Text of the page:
Living wage Series - India, October 2017 - In Indian Rupee, per Month

WageIndicator Living Wage Series - Wages in Context in 2017

The Living Wage is based on the concept that work should provide an adequate income to cover the necessary living costs of a family. WageIndicator uses prices from the Cost of Living Survey to calculate Living Wage for 60 countries. The Living Wage is an approximate income needed to meet a family’s basic needs including food, housing, transport, health, education, tax deductions and other necessities.

The following table summarises the varying expenditure and income needs for the three commonly occurring family household compositions.

Expenditure and Living Wage calculation (monthly rates in Indian Rupee)

  Typical family   Standard family   Single-adult  
  from to from to from to
Food 6600 8250 5870 7330 1470 1830
Housing 6800 9290 6800 9290 4250 6500
Transport 1000 1600 1000 1600 500 800
Health 800 1500 800 1500 200 375
Education 2000 3500 2000 3500 0 0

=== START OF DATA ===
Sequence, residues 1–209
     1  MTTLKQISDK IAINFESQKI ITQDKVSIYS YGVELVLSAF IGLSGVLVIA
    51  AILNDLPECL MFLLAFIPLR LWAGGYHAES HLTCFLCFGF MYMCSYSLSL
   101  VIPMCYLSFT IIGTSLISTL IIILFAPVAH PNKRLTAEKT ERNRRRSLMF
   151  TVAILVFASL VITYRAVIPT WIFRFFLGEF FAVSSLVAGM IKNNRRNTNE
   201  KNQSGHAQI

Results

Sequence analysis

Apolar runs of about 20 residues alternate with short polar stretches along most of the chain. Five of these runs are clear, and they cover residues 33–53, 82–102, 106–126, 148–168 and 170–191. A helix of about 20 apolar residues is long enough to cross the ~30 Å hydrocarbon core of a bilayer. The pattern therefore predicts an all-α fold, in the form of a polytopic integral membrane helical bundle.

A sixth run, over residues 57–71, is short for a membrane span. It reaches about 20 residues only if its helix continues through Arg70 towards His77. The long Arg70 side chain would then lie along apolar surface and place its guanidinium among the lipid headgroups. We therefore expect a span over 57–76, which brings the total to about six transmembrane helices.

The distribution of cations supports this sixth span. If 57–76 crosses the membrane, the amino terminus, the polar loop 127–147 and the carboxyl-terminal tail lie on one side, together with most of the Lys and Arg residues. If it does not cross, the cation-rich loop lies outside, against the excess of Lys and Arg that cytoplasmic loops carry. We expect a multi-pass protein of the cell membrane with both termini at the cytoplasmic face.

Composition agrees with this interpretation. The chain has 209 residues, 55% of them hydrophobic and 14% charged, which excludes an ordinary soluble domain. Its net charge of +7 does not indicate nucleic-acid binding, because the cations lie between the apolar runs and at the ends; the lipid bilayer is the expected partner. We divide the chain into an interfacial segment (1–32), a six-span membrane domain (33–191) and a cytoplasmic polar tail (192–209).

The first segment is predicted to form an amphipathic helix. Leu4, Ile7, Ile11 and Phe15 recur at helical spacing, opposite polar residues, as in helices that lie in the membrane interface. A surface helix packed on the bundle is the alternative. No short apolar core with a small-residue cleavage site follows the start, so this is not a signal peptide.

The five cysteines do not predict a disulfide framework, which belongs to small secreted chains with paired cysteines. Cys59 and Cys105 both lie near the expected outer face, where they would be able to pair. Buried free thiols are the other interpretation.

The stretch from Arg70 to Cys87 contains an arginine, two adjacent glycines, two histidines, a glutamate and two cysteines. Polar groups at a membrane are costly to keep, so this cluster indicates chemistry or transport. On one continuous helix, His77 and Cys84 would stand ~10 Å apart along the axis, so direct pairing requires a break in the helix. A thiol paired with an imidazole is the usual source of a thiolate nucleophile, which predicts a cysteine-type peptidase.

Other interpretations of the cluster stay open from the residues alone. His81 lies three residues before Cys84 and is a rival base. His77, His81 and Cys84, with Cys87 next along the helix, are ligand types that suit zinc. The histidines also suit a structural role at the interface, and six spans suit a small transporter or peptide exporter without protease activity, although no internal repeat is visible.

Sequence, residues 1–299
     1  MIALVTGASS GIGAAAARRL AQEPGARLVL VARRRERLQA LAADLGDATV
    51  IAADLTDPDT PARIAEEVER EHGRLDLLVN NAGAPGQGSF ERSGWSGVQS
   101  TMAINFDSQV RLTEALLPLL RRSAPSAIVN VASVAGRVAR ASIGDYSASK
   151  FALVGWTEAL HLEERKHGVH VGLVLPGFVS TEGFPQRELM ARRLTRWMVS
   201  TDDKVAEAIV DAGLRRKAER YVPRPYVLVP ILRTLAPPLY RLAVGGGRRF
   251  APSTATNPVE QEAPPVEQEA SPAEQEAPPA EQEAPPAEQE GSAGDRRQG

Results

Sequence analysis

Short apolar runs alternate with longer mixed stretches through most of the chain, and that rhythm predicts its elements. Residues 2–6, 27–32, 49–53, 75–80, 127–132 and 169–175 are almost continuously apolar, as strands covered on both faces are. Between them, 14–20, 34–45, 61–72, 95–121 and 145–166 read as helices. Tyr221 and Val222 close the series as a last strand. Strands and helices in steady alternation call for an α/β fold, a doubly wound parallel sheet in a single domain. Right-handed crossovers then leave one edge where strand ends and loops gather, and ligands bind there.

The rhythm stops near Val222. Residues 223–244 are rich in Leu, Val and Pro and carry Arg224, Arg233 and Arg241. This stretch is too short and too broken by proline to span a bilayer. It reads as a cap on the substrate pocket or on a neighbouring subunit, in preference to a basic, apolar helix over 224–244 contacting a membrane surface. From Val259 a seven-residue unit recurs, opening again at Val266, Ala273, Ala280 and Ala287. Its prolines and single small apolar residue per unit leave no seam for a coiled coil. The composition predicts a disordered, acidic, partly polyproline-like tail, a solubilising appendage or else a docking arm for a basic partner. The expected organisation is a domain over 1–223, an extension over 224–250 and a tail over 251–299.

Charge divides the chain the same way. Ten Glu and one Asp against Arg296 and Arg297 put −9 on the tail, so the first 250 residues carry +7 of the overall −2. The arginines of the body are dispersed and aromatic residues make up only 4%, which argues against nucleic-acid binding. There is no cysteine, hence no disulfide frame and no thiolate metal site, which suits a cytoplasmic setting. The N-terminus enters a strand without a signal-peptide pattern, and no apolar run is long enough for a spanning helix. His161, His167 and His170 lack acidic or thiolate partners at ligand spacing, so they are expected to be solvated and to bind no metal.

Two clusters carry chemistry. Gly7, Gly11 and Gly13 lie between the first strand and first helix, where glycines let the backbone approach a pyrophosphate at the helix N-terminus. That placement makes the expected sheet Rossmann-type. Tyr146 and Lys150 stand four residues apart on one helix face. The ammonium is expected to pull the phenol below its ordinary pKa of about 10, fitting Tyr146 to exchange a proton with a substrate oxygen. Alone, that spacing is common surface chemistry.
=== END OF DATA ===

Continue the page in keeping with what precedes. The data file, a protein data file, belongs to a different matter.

Other costs 860 1210 825 1160 320 475
Total Expenditure 18060 25350 17295 24380 6740 9980
Net Living Wage 11288 15844 9608 13544 6740 9980
Gross Living Wage 12400 17400 10600 14900 7420 11000

Note: For more details see Living Wage FAQ.

Family Living Wages (monthly rates in Indian Rupee)

There is not a single answer to what is the adequate cost of living. The result is complex, as the cost of living varies by household composition, location, and employment pattern. The following table presents the Living Wage estimates for a set of most common family household compositions and under different assumptions about working hours.

  from to
Typical family (two parents + 2.5 children, 1.6 working) 12400 17400
Standard family (two parents + 2 children, 1.8 working) 10600 14900
Two parents and two children, 2 working 9510 13400
Two parents and two children, 1.5 working 12700 17900
Two parents and two children, 1 working 19000 26800
Two parents and three children, 1.6 working 12900 18100
Two parents and four children, 1.6 working 14000 19400
Single-adult without children, 1 working 7420 11000

Note: Results in the table are rounded.

Living Wages in Context (monthly rates in Indian Rupee)